Earlier in April, Reformation Charlotte reported that Al Mohler, president of the Southern Baptist Theological Seminary and one of the most influential leaders of the denomination, had a change of heart and decided, against his position in 2016, that he would be voting for Donald Trump in the 2020 presidential election. After four years of maligning and criticizing conservatives who dared to support the president, the sudden change of heart comes on the heels of a string of leftist attacks on conservatism.
Mohler, while less blatantly vocal about his positions than some others, has quietly supported and orchestrated the anti-Trump movement from within and strategically placed people in positions of vocal leadership to carry out this movement. One of those men is Russell Moore. Moore spent the entire year prior to the presidential election in 2016 criticizing Donald Trump and insulting any Christian who would dare support him — at one point even drawing the ire of Trump himself, who referred to him as a “nasty guy.”
In April, Mohler said that even though he didn’t vote for Donald Trump in 2016 over his moral issues, today calls for a different strategy, and he will be voting for the Republican ticket no matter who’s on it — including Donald Trump. He also spent an inordinate amount of time lambasting the Democrat party for their “evil” and “wickedness.”
Now, Mohler has doubled down, saying that even though Donald Trump is an “embarrassment” to Evangelical Christianity, he’s going to vote for him anyway. Mohler recently spoke to the New Yorker and was asked,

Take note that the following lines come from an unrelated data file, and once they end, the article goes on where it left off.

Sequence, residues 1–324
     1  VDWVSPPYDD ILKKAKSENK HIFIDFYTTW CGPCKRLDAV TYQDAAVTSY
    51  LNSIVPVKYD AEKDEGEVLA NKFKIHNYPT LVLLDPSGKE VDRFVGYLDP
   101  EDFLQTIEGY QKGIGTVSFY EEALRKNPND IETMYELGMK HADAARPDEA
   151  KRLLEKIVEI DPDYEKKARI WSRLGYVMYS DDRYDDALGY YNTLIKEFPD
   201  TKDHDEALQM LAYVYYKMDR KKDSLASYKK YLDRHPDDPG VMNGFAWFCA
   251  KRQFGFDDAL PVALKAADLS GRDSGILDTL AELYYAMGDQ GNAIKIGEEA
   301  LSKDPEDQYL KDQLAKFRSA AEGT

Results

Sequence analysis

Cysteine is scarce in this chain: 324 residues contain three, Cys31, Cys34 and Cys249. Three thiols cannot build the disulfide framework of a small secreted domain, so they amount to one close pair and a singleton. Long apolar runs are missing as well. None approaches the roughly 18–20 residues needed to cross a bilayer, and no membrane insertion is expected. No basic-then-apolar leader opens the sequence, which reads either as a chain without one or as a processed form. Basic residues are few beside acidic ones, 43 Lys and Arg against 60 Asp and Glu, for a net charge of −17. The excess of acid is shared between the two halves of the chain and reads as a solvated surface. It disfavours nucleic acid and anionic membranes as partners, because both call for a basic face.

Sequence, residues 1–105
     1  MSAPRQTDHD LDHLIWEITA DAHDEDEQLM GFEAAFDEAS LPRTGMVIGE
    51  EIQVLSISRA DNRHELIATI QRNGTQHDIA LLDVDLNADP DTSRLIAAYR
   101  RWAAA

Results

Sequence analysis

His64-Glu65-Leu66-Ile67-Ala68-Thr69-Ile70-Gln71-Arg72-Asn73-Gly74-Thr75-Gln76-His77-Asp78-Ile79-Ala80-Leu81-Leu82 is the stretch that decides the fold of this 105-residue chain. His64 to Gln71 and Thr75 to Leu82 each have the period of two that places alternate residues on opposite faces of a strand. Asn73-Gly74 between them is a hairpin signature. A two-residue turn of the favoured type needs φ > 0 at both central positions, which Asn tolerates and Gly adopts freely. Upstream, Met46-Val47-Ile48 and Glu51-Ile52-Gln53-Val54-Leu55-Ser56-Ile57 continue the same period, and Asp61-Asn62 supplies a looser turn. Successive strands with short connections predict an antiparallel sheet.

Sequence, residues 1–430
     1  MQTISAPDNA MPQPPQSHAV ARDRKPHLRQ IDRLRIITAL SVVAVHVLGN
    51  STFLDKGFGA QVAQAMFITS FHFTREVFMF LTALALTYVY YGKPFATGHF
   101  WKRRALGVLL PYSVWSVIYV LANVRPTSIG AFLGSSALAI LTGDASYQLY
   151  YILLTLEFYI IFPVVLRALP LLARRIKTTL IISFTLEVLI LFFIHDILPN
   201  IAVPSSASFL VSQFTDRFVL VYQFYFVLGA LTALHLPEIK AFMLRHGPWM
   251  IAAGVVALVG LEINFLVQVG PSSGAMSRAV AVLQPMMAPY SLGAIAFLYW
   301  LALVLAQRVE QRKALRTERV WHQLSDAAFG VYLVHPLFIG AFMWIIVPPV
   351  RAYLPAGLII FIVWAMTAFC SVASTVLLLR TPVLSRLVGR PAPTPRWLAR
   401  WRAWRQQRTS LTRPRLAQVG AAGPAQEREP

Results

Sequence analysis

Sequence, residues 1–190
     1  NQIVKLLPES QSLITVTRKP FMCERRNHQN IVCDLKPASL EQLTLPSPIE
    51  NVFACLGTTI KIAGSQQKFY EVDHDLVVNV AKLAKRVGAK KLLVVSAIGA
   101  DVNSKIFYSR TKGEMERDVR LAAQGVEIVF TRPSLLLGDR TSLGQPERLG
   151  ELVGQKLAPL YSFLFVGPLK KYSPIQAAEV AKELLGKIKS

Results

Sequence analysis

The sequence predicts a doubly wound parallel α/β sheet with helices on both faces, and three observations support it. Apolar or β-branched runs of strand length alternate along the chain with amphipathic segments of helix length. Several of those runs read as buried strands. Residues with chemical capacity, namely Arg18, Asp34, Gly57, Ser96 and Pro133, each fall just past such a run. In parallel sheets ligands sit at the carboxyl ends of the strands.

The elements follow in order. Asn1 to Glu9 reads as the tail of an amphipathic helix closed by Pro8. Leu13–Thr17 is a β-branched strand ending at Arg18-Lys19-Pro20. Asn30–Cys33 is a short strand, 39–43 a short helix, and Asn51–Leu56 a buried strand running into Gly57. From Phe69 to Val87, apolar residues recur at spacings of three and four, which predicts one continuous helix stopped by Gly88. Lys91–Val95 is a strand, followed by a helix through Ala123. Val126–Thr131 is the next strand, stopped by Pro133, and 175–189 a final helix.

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You said, in 2016, “Perhaps the best we can hope for in this sad election cycle with these two unsupportable candidates is that we do not allow a national disgrace to become the Great Evangelical Embarrassment.” Trump is now supported by a huge majority of American evangelicals. Has it been an embarrassment?
Yes. President Trump is a huge embarrassment. And it’s an embarrassment to evangelical Christianity that there appear to be so many who will celebrate precisely the aspects that I see Biblically as most lamentable and embarrassing. So I have to make a distinction between voting for a candidate and rationalizing for a candidate, much less being enthusiastic about what I would see as the character faults of a candidate. I intend to vote for Donald Trump in 2020, but my shift is from reluctantly not voting for him in 2016 to what you might call reluctantly voting for him in 2020, and hoping for his reëlection, because the alternative is increasingly unthinkable. But I will not become an apologist for the misbehavior of the President and for what I see as glaring deficiencies in his private and public character.
He then admitted that there would be many Evangelicals “angry” with him for that. Mohler has played stupid games for years by building an empire in the Southern Baptist Convention that is hostile to conservatism. Now he’s winning stupid prizes. But the bottom line is that this is his mess and he is going to have to clean it up.